If you love birds and science, winter has an exciting opportunity. The Audubon Society holds its Christmas Bird Count every year, and they need citizen scientists to get involved.
This year is the 117th annual count, and volunteers are still needed in the U.S. and throughout the Western Hemisphere. The count began yesterday and will continue through January 5, 2017, so there’s still plenty of time to join the fun.
Everyone is invited to join the count. Participants need to contact their local compilers, as there is a specific system that each count has to follow. For example, count activities take place in specific locations and sometimes on certain days or at specific times.
Beginning birders are welcome. Compilers may choose to team beginners with experienced birders for the count.
If your home falls within a circle, you may be able to set up a feeder, stay home, and count visitors – just be sure to clear it with that circle’s compiler, first!
A map by the Audubon Society shows where citizen scientists are still needed: yellow and green circles have space, while red circles are full. Contact information for compilers is included.
Though it may sound like an excuse to spend a day or two watching and counting birds, the information collected during the count is vastly important to wildlife biologists, ornithologists, and other bird experts. While there are local or species-specific bird counts, the Christmas Bird Count is one of only two major data banks that offer insight into how all bird species are doing throughout the Americas.
It can also show how unusual weather patterns are affecting out feathered friends.
In some locations, last year’s count was temporarily interrupted by El Niño. Massive storms sent much-needed water to drought-stricken areas, but made conducting counts difficult in the Pacific Northwest.
In parts of Canada, unseasonably warm weather – also brought by El Niño – sent birds out foraging and enjoying the sun, rather than gathered in nesting areas where they’re easier to count.
The warm ocean temperatures may have wreaked some havoc on seabirds, too. The Audubon Society linked a huge die-off of common murres to food chain disruptions caused by the warm ocean waters.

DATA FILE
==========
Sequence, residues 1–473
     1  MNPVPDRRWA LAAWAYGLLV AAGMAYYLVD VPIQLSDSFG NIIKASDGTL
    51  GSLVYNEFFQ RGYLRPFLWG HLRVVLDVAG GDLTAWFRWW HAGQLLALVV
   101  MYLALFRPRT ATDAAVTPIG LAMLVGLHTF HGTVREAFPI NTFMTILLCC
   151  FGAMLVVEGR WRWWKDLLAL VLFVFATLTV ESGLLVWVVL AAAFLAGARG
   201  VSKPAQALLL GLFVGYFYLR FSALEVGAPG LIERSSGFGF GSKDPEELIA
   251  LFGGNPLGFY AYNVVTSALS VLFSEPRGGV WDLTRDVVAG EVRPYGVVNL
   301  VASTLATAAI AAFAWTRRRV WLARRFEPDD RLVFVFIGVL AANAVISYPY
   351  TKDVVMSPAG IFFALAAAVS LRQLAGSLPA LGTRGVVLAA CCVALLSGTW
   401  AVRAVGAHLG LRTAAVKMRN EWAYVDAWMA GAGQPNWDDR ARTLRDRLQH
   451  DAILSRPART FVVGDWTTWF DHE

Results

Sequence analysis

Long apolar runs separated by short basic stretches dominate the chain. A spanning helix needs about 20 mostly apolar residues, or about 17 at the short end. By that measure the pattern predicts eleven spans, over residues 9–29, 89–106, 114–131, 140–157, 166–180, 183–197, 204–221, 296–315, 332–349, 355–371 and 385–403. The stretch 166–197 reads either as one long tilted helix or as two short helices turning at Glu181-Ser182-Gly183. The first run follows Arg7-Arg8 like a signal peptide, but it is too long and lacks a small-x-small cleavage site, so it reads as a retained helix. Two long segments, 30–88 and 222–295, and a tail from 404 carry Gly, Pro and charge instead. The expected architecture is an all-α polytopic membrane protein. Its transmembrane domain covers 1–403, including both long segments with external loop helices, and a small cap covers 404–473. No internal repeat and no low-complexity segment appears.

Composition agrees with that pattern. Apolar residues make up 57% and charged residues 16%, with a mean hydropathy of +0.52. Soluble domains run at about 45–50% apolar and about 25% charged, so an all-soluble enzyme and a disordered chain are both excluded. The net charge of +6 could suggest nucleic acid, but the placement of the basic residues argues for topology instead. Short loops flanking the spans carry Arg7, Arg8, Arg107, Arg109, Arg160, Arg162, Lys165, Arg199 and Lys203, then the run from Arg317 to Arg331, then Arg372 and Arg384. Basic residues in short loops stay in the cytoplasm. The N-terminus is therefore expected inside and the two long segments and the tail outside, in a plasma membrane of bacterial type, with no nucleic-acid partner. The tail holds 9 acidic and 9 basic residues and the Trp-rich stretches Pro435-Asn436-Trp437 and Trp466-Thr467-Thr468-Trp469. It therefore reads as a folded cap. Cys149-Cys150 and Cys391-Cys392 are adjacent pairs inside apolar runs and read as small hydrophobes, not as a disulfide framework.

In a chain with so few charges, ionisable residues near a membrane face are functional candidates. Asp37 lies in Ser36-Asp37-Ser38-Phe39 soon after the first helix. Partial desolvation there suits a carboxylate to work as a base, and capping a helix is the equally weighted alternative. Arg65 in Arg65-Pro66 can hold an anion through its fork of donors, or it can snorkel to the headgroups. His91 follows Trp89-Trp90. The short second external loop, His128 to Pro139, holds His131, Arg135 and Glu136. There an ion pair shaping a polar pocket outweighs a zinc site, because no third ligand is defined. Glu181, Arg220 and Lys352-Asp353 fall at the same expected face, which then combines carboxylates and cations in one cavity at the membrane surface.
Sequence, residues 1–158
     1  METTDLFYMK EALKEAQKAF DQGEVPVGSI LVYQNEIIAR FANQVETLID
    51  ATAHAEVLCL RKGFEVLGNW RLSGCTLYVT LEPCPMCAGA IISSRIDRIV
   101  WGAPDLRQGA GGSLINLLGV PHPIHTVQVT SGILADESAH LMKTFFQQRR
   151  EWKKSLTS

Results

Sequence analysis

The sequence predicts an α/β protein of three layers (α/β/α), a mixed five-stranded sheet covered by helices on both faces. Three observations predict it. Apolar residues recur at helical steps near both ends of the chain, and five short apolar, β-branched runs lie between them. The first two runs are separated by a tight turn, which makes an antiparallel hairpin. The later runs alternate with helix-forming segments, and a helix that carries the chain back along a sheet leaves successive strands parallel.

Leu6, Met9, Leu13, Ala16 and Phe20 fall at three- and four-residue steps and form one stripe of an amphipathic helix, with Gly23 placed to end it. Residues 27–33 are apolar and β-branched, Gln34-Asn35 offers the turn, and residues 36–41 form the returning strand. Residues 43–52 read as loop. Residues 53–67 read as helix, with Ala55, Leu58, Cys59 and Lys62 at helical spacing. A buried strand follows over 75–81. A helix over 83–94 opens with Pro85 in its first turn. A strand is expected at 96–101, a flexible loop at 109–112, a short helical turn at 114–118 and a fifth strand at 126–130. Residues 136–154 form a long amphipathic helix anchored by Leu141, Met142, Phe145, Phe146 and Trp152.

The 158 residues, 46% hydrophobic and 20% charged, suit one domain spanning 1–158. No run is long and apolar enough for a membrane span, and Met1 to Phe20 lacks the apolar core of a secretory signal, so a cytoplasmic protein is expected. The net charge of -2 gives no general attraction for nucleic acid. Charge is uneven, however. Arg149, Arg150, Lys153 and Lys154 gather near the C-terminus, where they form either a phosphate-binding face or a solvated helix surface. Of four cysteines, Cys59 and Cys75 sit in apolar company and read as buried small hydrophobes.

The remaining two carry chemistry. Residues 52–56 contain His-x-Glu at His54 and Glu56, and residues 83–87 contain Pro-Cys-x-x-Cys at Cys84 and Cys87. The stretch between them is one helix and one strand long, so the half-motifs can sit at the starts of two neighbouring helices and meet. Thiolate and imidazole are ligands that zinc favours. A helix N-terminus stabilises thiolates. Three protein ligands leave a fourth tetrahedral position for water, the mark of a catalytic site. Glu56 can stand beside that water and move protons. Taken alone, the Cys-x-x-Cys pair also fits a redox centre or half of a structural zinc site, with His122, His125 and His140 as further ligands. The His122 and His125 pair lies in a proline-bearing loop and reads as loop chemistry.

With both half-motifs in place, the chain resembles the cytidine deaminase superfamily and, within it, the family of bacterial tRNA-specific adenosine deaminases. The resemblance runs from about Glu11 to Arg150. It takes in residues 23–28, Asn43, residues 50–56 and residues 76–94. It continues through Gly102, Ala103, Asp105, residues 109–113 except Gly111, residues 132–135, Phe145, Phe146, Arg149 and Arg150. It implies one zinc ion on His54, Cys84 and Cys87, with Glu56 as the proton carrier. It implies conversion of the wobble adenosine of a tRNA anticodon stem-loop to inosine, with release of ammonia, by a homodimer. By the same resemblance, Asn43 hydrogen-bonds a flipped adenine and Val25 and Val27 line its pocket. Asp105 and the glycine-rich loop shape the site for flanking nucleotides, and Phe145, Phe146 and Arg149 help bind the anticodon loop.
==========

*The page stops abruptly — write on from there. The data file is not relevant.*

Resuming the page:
Still, more than 76,000 observers headed out to count last year, checking off more than 58 million birds, Audubon said. More than 500 species were observed in Yanayacu, Ecuador alone, an area that shows consistently wide diversity of species every year.
Aside from counting bird populations and noting any big changes in a species’ numbers, the Christmas Bird Count maps geographical shifts in species. For example, the fieldfare was spotted in the United States for the first time last year. It’s not native to the Western Hemisphere.
The Christmas Bird Count was started in 1900 by ornithologist Frank M. Chapman. At the time, a holiday tradition between hunters had them competing to see who could bring back the most furred and feathered kills.
Chapman hoped to turn that tradition into one that was a little more conservation-friendly. Twenty-five bird counts were held the first year, from Pacific Grove, California to Toronto, Ontario.
Nowadays, the count is no longer a competition – at least not nationally! – but it still brings in fascinating data for biologists and bird lovers.
The Christmas Bird Count is funded entirely by donations.
Bird fans who would rather flock to a less formal bird count – or those who just can’t get enough – may also be interested in the Great Backyard Bird Count sponsored by the Audubon Society and Cornell University from February 17-20, 2017.